Here is the inherent danger of interpreting things via some supposed cultural context:

1) Has the source of the extra-biblical information been verified? Is it historically accurate? Is it a source that can be trusted? What source did they use to determine this? Why did God forget to put that part in the Scriptures if it was so important to know in order to understand what He meant.

2) What scriptural support shows that this single verse should be interpretted via the context of the culture, altering our understanding of the event?

3) Why do the verses immediately adjacent not need to be interpreted that way?

4) Why is the context of the Scripture and the historical events as portrayed in scripture not sufficient for interpretting the passage?


Listen, brothers, do we actually believe Sola Scriptura? Is Scripture sufficient in and of itself? Or do we have to bring every single history book and word-of-mouth story into the equation for us to gain a proper understanding of Scripture?

Is it the final word in all matters of life and doctrine? If so, why is a plain reading of the scriptures being rejected?

 2014/6/18 16:54Profile
brothagary
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Joined: 2011/10/23
Posts: 1863


 Re:

good points havoc ,,,i allways say let scripture intreprate scrpiture ,,,,let the clear verses shead light on the not so clear ,,,rather then the other way round ,,


like jesus being forsaken say

1 we no he bacame sin

2 we know he bore sin in his body

3 we know he became a curse

4 we know god punished jesus with his full wrath ,that we should have recieved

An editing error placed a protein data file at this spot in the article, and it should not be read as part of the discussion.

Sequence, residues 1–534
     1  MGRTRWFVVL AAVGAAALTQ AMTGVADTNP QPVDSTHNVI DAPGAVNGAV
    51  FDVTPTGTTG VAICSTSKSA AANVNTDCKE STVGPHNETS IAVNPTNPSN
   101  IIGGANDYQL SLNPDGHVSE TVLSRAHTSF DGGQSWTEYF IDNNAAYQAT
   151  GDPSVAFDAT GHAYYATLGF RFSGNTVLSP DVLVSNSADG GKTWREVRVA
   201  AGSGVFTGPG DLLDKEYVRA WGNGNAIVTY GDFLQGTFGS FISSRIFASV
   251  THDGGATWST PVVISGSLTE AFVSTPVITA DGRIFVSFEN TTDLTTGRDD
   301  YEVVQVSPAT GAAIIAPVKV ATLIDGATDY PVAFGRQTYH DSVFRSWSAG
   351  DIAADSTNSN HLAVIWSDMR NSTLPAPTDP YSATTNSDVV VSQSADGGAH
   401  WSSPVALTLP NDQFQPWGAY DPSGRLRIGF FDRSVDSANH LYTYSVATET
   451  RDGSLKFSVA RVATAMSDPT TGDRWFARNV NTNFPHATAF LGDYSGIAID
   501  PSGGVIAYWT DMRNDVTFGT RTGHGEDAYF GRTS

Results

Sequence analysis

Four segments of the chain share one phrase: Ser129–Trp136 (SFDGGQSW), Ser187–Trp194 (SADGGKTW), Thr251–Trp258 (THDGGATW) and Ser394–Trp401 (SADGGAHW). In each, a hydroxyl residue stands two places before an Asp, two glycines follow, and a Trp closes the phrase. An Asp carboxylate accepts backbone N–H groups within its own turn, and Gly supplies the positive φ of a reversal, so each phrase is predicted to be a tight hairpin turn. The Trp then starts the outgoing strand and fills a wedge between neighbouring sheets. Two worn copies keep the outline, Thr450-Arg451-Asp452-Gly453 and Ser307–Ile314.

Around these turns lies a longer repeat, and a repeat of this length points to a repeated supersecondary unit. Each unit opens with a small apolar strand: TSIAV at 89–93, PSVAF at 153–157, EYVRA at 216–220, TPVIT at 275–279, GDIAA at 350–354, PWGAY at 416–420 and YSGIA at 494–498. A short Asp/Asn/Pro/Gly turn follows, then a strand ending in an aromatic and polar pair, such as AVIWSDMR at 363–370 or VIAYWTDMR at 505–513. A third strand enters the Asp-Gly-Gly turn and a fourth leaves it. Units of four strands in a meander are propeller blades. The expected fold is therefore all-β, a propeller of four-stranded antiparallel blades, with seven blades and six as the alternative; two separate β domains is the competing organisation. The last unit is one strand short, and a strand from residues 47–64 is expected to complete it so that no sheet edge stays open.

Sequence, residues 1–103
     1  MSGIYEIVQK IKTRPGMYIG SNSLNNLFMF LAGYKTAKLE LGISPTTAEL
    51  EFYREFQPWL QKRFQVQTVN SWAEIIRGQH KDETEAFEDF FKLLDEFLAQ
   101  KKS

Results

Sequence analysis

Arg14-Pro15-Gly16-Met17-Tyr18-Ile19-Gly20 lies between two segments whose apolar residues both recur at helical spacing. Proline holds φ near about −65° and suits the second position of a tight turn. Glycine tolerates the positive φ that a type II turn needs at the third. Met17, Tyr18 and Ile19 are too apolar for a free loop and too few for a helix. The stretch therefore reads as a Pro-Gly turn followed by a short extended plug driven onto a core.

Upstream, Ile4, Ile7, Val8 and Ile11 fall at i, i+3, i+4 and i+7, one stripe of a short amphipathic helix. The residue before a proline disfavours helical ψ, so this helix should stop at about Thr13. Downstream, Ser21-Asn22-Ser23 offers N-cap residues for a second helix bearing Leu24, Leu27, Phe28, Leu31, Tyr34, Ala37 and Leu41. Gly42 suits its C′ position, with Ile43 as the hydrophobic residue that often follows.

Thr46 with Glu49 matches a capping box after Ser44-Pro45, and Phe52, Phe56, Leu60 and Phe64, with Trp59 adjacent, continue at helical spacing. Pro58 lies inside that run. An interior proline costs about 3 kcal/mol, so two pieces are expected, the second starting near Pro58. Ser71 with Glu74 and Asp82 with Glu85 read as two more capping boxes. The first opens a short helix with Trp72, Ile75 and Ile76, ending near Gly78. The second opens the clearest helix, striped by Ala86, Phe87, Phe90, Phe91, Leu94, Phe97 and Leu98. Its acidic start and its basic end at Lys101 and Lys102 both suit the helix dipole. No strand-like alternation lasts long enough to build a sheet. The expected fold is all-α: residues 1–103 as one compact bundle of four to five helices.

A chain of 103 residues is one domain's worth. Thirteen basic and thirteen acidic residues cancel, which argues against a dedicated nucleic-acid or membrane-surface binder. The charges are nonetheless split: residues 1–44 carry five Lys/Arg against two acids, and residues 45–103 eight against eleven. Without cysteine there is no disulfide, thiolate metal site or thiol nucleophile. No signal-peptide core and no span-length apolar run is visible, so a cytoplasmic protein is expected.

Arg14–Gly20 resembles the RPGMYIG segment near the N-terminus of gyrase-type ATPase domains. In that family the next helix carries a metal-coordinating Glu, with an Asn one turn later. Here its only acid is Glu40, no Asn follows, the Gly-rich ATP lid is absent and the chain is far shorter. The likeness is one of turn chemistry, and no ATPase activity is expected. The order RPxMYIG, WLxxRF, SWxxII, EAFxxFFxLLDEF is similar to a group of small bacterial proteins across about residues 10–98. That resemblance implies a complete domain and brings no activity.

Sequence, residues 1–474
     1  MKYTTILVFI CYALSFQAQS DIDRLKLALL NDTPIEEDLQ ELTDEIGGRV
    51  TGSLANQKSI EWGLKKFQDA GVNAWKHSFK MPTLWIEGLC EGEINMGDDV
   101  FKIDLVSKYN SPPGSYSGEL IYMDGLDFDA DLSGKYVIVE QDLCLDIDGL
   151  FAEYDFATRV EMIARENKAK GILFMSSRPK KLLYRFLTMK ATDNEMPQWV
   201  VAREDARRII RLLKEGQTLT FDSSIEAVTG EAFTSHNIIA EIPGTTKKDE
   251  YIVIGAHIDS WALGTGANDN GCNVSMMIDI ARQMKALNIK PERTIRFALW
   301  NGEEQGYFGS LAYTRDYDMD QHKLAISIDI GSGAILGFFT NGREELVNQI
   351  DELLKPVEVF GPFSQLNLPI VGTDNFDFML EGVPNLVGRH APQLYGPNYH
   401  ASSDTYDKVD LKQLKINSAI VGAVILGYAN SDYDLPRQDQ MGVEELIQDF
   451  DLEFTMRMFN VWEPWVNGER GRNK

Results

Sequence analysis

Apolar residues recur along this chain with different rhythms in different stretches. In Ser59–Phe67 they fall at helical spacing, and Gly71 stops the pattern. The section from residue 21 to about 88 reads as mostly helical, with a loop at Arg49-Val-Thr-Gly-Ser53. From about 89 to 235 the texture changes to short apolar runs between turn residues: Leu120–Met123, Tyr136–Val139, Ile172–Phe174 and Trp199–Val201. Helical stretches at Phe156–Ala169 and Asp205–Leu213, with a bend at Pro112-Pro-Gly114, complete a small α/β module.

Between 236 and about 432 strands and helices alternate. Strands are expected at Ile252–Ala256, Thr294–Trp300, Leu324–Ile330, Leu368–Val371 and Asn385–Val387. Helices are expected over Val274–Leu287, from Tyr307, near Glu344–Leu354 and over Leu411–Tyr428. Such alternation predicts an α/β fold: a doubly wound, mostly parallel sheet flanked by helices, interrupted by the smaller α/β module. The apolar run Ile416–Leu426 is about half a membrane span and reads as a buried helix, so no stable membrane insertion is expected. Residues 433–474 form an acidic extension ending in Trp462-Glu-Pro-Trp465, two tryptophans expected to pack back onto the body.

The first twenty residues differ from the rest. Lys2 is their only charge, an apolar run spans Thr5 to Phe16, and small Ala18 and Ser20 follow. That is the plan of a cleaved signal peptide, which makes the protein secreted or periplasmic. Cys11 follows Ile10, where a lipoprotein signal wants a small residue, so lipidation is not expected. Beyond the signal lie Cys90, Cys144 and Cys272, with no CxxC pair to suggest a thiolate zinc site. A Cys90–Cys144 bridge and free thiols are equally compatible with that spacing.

5 we know he was a scapgoat


6 we know he even died andf went to hell

and 7 we know he said to god whay have you fosaken me

8 we know jesus nevered lied
and the last one that tops it of in my books

9 we knowjesus was never wrong ,,but allways wright
he knew the hearts of men ,,and he knew the heart of god

10 we know he said no one noes the father but the son


it is verry clear what the bible is telling us with the clear verses

so we let the WHAT WE KNOW
interpret the WHAT WE DONT KNOW

but realy it allready clear that jesus knew he was forsaken for a time ,,but when you add the rest of the clear statments in scripture ,,its undeniable to the unbaised mind ,what jesus went through

each of these ten points of scripture ,,can be expounded and made even clearer and the ones that may be doubtfull can be discused ,,,

any one want to start at nubmer 1 an expound the verse ,,and relate that back to why they feel or dont feel this is related to jesus being forsaken

i like exposatory preaching for the reason that one cant ignore certaint verses ,,and gloss over them and develope an enemic theoligy laking viatal truth

blessings

 2014/6/19 3:13Profile
TMK
Member



Joined: 2012/2/8
Posts: 5380
NC, USA

 Re:

Hi Gary-

I have a side question for you that is not 100% related to the topic at hand.

You said: "we know Jesus was never wrong but always right."

I know that probably 99.9% of people would accept your statement at face value as true. But being a tad weird I sometimes think about things a little more deeply than perhaps I should.

I agree that Jesus never sinned. That is a given, of course. But I am not willing to state that Jesus was not ever wrong about a certain fact. I think this because Jesus divested Himself of deity when He became a man. I don't believe Jesus, in His humanity, was omniscient. He was very closely in tune with the Father particularly after His baptism so I am even talking more about when he was younger. For example, did He have perfect memory for every person's name he ever met? Did he ever have to use an eraser when learning math or spelling? (Of course I know they didn't have erasers but you get the point).

It does not subtract from the deity of Jesus to suggest that he may have been mistaken about certain facts at least a few times in His life. I know that this may seem shocking to some but the Bible does say that He grew in wisdom and knowledge.


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Todd

 2014/6/19 6:30Profile